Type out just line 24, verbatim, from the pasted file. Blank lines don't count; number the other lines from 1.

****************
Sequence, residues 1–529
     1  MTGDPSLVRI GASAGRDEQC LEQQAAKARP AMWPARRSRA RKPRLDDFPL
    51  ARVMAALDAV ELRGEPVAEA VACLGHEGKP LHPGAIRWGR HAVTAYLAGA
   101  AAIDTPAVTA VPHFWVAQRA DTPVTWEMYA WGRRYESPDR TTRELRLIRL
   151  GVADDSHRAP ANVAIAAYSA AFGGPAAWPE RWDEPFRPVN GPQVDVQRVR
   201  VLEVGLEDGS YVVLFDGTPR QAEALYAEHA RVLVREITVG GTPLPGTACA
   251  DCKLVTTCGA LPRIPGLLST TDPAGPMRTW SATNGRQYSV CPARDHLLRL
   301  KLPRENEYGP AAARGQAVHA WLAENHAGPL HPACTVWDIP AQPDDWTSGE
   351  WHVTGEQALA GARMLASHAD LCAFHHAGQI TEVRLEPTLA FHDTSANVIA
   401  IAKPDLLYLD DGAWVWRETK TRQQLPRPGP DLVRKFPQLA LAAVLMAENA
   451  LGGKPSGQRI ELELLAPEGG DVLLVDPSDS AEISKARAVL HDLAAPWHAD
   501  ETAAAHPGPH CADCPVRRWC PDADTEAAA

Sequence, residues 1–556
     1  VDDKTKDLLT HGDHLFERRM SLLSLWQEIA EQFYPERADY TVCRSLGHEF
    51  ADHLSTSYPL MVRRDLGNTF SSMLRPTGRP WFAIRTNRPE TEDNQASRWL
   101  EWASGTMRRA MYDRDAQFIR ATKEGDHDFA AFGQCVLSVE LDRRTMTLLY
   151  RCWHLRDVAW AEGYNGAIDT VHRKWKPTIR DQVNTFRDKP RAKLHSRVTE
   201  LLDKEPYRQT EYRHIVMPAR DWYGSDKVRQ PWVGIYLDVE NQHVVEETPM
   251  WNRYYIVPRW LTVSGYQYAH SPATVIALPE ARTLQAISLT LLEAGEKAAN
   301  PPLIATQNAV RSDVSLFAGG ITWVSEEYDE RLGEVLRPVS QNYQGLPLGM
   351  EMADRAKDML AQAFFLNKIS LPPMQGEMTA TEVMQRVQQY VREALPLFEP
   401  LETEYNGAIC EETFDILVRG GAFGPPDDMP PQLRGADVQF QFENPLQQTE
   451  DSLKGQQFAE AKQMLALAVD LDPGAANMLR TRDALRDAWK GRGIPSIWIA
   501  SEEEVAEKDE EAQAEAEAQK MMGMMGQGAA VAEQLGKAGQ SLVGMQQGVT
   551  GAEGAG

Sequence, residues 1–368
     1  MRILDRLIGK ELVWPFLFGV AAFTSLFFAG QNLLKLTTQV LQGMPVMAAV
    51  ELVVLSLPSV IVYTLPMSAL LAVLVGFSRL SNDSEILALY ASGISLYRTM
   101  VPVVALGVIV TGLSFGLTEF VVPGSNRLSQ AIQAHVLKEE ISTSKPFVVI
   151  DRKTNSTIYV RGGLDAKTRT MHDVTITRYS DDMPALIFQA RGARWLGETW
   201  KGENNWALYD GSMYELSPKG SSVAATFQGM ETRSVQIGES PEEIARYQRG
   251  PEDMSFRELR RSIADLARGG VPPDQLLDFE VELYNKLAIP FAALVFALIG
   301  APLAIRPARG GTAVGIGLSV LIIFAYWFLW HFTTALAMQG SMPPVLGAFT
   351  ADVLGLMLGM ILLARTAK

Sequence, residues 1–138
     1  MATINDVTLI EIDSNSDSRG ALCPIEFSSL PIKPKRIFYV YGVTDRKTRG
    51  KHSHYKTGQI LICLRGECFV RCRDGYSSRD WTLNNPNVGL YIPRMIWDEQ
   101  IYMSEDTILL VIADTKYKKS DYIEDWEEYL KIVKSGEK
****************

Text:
   501  SEEEVAEKDE EAQAEAEAQK MMGMMGQGAA VAEQLGKAGQ SLVGMQQGVT